An allowance is a great means to teach children how to manage money, develop budgeting skills and encourage independence. By giving an allowance and giving the child the responsibility to pay for the things they want and activities they like to do, it helps them see money is a limited resource and they must budget it wisely.
But an allowance should never be looked at as a salary or something a child is entitled to. Being part of a family means pitching in around the house and doing ones part to help out and an allowance should not be tied to this. Certain chores, though, can be assigned above and beyond their daily and weekly duties as a means for your child to earn extra money.
How much should you give as an allowance? As a general rule, allowance should be tied to what expenses you want your child to cover, leaving some room for savings and giving. In our house, we begin giving an allowance of 50 cents a week when a child turns six, as they are beginning to have a decent grasp of how money is used. 10 percent of their allowance goes towards charity, 30 percent towards college and 20 percent towards long term savings. The rest is up to them. They save for toys or games they want to buy, but if they want to get a treat of some kind, they are expected to pay for it themselves. This gives them the opportunity to see the cause and effect of their spending decisions.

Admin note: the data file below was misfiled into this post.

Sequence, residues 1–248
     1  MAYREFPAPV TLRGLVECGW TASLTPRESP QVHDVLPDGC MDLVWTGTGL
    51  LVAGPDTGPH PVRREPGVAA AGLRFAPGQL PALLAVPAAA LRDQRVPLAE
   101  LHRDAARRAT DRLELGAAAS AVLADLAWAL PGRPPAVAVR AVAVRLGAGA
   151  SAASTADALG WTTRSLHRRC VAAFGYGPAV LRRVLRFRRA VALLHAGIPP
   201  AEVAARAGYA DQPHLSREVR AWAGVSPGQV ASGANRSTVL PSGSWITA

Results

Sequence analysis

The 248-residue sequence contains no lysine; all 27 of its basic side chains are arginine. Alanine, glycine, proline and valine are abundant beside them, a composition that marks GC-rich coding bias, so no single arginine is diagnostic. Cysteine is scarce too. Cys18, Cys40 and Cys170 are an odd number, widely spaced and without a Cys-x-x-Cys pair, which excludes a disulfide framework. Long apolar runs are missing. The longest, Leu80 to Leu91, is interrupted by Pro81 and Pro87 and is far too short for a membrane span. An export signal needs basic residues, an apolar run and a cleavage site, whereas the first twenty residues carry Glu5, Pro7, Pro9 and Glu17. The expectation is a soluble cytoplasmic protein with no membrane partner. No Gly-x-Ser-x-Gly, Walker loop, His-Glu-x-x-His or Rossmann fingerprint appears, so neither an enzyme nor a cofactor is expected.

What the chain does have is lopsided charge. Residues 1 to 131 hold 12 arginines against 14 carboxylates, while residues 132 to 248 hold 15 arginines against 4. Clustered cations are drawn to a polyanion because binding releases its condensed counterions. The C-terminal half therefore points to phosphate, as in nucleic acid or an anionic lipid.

As our children get older, their responsibility towards money and associated allowance grows along with the expenses for which they are responsible. For example, extra curricular activities such as Boyscout dues, camping trips and movies are the responsibility of our three older boys. They enjoy the responsibility of managing their own money and make adjustments to their finances as priorities or unexpected events happen just as we adults do.
In the end, allowance and the responsibility that goes with it is a means of preparing your child for adulthood.